Sin is any outward transgression of God’s commandments or any inward desire to do so. Adam and Eve fell slaves to sin when they were tempted by the serpent (Satan) in the Garden of Eden to eat of the one tree of which they were commanded not to: the tree of knowledge of good and evil. Thus, Adam and Eve cut themselves off from communion with God and were forbidden to eat from the Tree of Life. As a result, every part of them was corrupted. The guilt of Adam and Eve’s sin was imputed to all naturally conceived offspring thereafter, subjecting humanity to total depravity. Due to original sin, all have sinned and fallen short of the glory of God, deserving hell and eternal misery. Original sin works itself out in our lives such that we do not and cannot choose to do good apart from God’s grace. Without divine intervention, all of humanity would be eternally lost.


Christ Jesus is God the Son who came among us and became man by the power of the Holy Ghost through the virgin Mary, who is the Mother of God. Christ, truly God and truly human, lived a perfect and sinless life. He proclaimed the Kingdom of God; preaching and delivering good news to the poor, freedom for the prisoners, sight for the blind, liberation for the oppressed, and forgiveness of sins. He then willingly went to the cross to take our rightful place and atone for our sins; an atonement sufficient for the whole world, but efficient only for those whom God has called to Himself. Faith in Jesus Christ, which is not of ourselves but the gift of God, is the instrument by which Christ saves us. He is our only hope in life and death. Though the Christian will always struggle against sin on this side of heaven, when we believe in Him, our souls are washed white as snow; for Jesus’ perfect life and perfect death is our righteousness before the Father.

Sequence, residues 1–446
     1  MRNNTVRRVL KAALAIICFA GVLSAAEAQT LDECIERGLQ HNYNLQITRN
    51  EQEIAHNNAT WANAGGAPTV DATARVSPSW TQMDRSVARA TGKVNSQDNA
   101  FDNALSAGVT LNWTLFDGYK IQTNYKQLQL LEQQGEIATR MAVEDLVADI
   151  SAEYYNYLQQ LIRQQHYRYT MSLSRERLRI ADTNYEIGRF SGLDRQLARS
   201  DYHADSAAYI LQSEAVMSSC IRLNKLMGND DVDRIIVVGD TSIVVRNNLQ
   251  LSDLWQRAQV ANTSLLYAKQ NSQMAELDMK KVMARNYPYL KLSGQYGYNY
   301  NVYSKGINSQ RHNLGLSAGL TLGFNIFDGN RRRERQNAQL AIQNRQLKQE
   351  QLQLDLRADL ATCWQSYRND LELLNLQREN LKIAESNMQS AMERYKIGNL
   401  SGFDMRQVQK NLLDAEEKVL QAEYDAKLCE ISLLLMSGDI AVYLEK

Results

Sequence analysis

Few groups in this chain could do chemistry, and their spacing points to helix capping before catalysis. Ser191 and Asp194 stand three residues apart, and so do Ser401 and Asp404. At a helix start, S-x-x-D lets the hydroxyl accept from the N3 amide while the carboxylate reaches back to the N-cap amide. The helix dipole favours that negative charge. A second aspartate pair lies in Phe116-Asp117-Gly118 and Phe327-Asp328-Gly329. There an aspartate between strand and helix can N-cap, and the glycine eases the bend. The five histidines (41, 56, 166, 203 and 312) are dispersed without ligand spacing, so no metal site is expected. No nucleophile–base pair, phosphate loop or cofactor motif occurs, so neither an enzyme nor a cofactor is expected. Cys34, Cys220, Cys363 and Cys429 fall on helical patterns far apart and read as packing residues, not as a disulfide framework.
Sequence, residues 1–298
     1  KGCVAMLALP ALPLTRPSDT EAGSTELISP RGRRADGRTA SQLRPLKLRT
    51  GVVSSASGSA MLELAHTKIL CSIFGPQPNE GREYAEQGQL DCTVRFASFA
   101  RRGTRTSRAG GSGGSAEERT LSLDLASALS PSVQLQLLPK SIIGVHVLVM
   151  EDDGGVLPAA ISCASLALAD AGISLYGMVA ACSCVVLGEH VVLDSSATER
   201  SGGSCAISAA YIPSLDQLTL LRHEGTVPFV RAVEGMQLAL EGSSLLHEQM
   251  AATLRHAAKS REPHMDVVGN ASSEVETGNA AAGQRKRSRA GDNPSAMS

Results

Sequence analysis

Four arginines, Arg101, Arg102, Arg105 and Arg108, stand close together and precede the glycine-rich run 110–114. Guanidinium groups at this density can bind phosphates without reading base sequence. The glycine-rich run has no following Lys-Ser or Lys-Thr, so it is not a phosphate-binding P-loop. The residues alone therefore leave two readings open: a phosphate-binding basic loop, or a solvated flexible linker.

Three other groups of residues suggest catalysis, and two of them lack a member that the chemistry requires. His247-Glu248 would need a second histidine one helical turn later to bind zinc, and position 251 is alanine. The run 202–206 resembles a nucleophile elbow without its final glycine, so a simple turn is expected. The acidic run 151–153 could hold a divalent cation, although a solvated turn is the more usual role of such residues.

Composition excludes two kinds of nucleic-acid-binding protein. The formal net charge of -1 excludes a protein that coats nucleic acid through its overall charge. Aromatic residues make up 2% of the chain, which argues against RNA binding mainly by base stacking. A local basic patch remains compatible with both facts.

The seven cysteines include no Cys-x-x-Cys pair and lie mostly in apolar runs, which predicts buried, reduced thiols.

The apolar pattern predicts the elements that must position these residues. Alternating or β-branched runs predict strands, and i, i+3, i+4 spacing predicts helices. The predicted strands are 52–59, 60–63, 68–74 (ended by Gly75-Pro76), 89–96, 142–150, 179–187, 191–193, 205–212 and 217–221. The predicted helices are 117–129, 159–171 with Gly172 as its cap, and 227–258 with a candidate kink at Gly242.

We believe that the grave did not defeat Christ, but that Christ rose from the dead on the third day after His crucifixion. Christ literally, physically and bodily rose from the dead and appeared to the apostles and others that we may know that He is God and that he defeated death and evil. Because Christ holds the entire universe together, the resurrection of Christ will bring with it the resurrection of all creation. His resurrection serves a promise that death is not the end for us, but that our physical bodies will be raised from the dead imperishable on the last day. Because of the hope of final resurrection, we can participate in God's work of reconciliation and restoring the world in anticipation of it.